I ride in some open areas near the coast. Wind is more of an issue than hills. 48x12 is not something I'd want to get caught with fighting 35 knots going home. I think a strong young guy could handle that, but I'm not so strong anymore and have always been a spinner. Big, long gears kill me. 48x18 and no more.I have used such a ratio since age 15 and have ridden 50 miles at a time including many steep hills and descents on such a bike.
Mike, I like to think in gear inches also, but you're off a bit. That number you come up with after doing your formula represents the old fashion Pennyfarthing big wheel diameter. Example: 50x15 gearing = 90 inch gear if using a 27 inch tyre. That 90 inches is what a Pennyfarthing's wheel diameter would have to be in order to equal a modern 50x15 with 27 inch tyres.I'm used to gear inches. If you divide the chainring number by the cog number and then multiply by the diameter of the rear wheel you get how many inches you will go in one revolution of the peddle. I like running a small gear, something like 65 inches. But I'm a fat old guy.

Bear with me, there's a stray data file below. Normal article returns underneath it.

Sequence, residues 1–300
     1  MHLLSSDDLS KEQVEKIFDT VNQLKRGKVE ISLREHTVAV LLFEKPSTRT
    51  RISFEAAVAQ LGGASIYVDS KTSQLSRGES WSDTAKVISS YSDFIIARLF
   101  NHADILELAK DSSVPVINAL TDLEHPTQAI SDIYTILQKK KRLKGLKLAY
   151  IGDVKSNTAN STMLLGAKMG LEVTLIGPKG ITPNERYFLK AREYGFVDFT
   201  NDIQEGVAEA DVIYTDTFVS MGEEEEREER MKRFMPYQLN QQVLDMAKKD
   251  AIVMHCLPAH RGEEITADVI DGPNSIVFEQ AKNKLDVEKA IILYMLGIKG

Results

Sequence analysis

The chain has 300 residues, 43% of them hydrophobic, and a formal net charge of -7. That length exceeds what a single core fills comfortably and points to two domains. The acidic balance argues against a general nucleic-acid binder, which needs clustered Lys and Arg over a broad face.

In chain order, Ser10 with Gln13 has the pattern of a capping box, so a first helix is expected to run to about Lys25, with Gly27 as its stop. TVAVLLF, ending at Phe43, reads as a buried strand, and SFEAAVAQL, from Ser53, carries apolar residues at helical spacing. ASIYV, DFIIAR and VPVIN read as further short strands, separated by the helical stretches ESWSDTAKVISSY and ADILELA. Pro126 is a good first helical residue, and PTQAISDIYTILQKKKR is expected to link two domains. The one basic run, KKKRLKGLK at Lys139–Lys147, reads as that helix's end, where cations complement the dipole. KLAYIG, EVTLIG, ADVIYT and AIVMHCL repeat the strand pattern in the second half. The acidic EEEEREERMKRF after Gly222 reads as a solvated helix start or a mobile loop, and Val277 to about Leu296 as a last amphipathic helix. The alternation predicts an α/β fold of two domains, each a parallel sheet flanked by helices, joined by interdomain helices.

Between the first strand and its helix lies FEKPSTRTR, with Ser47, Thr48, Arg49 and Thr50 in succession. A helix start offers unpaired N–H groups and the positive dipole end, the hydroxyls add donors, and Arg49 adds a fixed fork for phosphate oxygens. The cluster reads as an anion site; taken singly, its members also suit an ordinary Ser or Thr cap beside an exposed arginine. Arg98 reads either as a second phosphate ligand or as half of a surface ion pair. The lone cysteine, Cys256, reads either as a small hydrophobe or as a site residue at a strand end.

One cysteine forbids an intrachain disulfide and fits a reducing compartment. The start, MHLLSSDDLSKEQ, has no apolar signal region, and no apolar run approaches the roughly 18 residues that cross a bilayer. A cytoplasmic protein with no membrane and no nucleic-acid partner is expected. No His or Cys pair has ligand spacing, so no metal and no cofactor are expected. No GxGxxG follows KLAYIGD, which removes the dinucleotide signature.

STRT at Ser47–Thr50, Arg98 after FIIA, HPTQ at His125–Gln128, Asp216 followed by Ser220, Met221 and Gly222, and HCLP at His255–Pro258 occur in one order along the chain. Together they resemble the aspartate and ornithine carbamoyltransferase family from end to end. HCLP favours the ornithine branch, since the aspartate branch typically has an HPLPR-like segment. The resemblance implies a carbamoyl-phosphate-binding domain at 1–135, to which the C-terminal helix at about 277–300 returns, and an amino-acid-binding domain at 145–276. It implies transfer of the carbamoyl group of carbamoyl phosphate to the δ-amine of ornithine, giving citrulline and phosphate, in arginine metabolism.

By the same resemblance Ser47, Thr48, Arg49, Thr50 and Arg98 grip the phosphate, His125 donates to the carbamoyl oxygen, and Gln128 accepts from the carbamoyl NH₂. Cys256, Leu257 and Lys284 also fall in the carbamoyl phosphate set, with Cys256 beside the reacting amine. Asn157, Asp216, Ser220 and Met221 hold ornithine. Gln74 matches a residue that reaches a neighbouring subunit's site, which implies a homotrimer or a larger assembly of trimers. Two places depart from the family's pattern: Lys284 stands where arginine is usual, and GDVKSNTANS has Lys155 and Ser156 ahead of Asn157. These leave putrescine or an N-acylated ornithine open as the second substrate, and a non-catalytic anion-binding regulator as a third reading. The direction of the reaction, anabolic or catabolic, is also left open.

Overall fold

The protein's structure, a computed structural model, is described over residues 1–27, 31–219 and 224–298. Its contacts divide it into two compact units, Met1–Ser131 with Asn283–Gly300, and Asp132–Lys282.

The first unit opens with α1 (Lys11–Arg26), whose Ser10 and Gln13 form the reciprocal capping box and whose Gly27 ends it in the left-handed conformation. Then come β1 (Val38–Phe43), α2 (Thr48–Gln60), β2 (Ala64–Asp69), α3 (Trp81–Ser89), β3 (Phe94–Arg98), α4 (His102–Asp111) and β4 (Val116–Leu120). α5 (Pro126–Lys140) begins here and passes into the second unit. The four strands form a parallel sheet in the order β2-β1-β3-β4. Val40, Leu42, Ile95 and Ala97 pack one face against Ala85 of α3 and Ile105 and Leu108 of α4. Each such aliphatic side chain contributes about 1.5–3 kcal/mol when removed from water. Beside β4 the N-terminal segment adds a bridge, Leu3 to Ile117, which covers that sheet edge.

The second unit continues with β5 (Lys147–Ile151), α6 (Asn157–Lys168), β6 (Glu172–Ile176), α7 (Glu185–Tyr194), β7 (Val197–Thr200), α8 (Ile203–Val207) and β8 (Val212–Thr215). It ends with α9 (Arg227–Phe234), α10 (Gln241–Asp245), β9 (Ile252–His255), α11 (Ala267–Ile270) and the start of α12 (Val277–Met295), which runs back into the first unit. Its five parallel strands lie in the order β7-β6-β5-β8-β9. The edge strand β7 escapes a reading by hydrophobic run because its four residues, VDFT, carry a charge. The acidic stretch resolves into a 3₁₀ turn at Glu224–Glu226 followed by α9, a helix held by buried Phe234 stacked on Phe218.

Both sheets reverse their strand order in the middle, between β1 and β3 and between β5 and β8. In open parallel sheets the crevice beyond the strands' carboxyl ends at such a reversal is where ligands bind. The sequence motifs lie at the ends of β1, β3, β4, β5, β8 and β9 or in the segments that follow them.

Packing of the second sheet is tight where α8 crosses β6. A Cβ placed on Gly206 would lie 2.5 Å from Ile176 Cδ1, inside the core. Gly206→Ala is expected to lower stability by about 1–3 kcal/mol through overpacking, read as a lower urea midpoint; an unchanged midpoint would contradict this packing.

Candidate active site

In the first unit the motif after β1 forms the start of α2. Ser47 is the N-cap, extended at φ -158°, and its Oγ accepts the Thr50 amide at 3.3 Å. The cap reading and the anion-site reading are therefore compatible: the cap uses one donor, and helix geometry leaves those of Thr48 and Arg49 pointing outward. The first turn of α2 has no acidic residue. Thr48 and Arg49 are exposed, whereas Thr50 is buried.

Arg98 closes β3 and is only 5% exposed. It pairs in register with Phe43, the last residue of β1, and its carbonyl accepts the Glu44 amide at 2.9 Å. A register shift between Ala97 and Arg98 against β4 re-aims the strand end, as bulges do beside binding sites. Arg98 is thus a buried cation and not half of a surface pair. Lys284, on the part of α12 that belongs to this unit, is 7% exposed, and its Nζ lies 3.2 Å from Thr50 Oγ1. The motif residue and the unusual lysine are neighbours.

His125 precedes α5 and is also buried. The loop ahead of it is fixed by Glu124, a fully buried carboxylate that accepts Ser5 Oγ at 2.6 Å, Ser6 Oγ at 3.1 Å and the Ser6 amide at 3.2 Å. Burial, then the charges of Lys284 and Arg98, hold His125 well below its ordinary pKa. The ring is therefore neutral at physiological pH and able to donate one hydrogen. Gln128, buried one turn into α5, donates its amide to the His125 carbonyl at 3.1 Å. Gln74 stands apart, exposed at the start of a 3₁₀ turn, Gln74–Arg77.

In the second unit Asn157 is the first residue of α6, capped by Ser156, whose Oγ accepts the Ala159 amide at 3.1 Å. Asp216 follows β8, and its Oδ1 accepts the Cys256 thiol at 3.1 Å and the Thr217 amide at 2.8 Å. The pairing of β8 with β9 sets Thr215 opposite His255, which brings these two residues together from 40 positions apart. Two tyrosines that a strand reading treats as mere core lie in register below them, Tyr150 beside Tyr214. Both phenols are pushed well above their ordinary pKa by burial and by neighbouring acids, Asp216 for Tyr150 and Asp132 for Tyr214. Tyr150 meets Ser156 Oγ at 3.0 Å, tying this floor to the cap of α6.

Mike Frye-the bike guy